weather unavailableweather unavailable
Make us your home page

Today’s top headlines delivered to you daily.

(View our Privacy Policy)

City council seeks fix to New Port Richey medical firm zoning dispute

NEW PORT RICHEY — Advanced Research Institute, a clinical drug trial company that opened this spring without the proper zoning, doesn't fit neatly into any of the city's land use categories, attorney Barbara Wilhite has argued. She has urged city officials to create a new category for her client.

On Tuesday evening, City Council members agreed on that approach.

Fearful the city's pending citation against ARI could force the firm to close its doors — and jeopardize New Port Richey's reputation in the business community — council members directed staff to work with ARI to craft land use regulations that accommodate the medical research facility. The proposal would come back to the council for a vote.

Council member Bill Phillips envisioned creating a process that other businesses could also use if they wanted to move to the city but couldn't find the right zoning category to cover what they do.

"If we don't, we will always be identified as a place that is hard to do business with. And that doesn't sit well with me," said Phillips.

The dispute goes back five months, when ARI signed a lease to use the old Harbinger House site at 6716 Congress St. for clinical drug trials. The building has private rooms that could accommodate patients who need overnight stays.

ARI officials initially argued their use fell within the existing residential zoning. City attorneys said the facility needed to be rezoned for medical office use.

But ARI faced two roadblocks: the property owner, Juvenile Services Program, Inc., has refused to sign off on a rezoning request; and even if it would, a medical office zoning would still not cover ARI's needs, Wilhite said.

City Manager John Schneiger maintained ARI needed to apply for a rezoning to begin the process of finding a solution, while Wilhite argued for amending the comprehensive plan and land development code to accommodate the business. In the meantime, code enforcement issued a $513 citation last month to ARI for operating without the right zoning.

The impasse led Schneiger to bring the matter to council.

With a July 26 court date looming on the zoning citation, Wilhite told the council that if they did not approve moving forward with the requested changes, ARI would eventually be forced to close its doors and leave the city.

"That's where this is heading," she said.

Two council members recused themselves from the decision. Council member Judy DeBella Thomas is ARI's marketing and enrollment liaison, and Deputy Mayor Rob Marlowe's company provides email services for ARI.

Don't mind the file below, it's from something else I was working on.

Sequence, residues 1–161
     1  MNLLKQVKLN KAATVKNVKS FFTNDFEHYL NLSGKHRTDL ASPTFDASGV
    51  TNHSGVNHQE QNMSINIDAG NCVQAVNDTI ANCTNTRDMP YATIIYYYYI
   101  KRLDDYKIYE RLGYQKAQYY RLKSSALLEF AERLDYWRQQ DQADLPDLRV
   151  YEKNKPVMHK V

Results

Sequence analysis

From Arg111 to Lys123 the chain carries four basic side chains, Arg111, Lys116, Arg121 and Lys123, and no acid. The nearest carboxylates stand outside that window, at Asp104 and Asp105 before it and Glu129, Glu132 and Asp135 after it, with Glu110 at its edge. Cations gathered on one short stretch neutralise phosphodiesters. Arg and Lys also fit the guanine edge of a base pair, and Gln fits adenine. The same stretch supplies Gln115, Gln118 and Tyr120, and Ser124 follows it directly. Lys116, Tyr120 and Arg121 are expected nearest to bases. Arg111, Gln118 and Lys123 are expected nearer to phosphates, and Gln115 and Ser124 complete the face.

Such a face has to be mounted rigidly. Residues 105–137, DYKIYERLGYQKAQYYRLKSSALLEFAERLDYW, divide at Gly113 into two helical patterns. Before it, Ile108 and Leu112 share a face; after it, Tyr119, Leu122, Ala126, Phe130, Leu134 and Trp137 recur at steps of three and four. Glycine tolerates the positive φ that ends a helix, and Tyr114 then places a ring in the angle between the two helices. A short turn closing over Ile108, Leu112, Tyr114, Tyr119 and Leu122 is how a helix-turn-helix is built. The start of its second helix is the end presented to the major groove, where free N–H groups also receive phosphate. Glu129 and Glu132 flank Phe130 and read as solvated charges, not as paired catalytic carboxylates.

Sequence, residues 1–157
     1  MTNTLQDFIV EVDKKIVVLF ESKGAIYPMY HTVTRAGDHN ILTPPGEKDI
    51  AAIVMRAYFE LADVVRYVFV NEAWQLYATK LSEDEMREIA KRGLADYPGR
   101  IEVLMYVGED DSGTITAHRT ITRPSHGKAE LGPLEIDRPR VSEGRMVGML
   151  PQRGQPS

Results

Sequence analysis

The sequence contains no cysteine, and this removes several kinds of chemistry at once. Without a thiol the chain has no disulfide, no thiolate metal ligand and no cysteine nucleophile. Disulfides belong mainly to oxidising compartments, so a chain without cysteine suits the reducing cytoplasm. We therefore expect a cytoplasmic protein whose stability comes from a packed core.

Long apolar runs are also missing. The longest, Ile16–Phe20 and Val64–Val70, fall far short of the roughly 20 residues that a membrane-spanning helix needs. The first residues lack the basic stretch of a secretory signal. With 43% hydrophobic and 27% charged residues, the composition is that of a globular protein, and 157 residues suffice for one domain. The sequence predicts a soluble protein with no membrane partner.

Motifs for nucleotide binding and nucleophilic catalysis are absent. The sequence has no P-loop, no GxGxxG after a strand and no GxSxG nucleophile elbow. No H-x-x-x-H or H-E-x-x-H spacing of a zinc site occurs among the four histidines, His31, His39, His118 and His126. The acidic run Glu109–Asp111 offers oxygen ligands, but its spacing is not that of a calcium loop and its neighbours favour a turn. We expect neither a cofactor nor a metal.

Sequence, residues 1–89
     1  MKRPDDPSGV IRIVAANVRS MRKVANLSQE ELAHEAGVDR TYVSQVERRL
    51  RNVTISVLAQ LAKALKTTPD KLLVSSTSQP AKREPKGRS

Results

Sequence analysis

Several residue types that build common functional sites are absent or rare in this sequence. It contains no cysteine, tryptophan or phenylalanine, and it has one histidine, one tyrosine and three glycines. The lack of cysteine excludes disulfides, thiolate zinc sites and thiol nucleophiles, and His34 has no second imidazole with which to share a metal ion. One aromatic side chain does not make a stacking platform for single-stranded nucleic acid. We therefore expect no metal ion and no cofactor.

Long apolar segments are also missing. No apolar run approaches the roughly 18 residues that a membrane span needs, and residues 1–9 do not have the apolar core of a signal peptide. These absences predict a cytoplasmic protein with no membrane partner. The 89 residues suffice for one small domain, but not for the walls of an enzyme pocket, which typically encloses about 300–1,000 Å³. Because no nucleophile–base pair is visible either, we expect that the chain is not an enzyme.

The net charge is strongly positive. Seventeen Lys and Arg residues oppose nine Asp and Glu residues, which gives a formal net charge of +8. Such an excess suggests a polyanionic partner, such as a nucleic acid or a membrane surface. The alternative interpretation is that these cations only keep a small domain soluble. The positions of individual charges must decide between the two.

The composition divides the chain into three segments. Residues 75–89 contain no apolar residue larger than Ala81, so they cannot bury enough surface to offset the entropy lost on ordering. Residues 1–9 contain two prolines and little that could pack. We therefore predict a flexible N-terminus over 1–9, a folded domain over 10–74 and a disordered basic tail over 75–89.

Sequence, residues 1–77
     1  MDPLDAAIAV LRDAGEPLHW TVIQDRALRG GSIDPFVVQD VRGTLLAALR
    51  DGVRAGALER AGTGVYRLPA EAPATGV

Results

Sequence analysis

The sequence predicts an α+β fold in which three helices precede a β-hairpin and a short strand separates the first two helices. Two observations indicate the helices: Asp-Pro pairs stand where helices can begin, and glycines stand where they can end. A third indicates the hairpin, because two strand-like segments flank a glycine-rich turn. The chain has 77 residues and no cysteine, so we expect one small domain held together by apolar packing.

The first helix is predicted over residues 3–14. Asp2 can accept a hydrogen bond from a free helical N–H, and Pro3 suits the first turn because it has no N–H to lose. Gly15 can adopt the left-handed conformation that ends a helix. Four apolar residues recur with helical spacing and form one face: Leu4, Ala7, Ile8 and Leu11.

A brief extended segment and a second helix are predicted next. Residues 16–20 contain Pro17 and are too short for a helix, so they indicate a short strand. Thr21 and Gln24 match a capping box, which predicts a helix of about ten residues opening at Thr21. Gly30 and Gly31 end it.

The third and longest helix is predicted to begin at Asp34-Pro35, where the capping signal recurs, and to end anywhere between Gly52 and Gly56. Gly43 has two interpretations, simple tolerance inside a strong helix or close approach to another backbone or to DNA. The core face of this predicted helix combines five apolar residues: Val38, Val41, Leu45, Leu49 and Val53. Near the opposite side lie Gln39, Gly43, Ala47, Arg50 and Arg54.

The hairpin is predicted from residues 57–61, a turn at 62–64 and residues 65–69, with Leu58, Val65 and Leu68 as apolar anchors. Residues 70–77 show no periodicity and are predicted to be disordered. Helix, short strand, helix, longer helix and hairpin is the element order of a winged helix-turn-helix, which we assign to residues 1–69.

The remaining council members agreed the city attorney should begin the process of working with ARI on the comprehensive plan and land use changes. But first, council member Bob Langford admonished ARI owner Susan Randall for opening her business without the legal zoning.

"Why would you do something that was wrong? Why would you do that?" he asked.

Wilhite said Randall signed the lease on the property believing that her business fit into the residential zoning already in place, and opened because she had contracts in place to begin drug trials. Had Randall not begun the trials, Wilhite said, her reputation and business would be lost.

Randall told the council she searched for a location for two years before choosing the old Harbinger House.

"Due diligence was done," she said.

Though she recused herself from the decision, DeBella Thomas weighed in at one point in the discussion, saying the city needed to do a better job of informing prospective businesses of its zoning restrictions up front.

"It shouldn't be that people need to stumble on this information," she said.

It's unclear how much it will cost to make the land use accommodations for ARI.

ARI officials have offered $2,000 to get the ball rolling, while one city report said it could cost more than $10,000 for a needed consultant, attorney fees, and city worker's time to create the process. And it's going to be time-consuming, according to City Attorney Mike Davis.

"It can be done. But it's not like it's going to happen today," he said.

In the meantime, the fate of the $513 citation remains up in the air.

Wilhite said the city attorney could file an abatement with the court to put it on hold while discussions ramp up. Schneiger said after the meeting that is something that would be looked at, but first he wants to see what ARI brings to the table.

"It's a little early to begin talking about that," he said of putting a stop on the citation.

City council seeks fix to New Port Richey medical firm zoning dispute 06/06/12 [Last modified: Wednesday, June 6, 2012 7:28pm]
Photo reprints | Article reprints

© 2017 Tampa Bay Times


Join the discussion: Click to view comments, add yours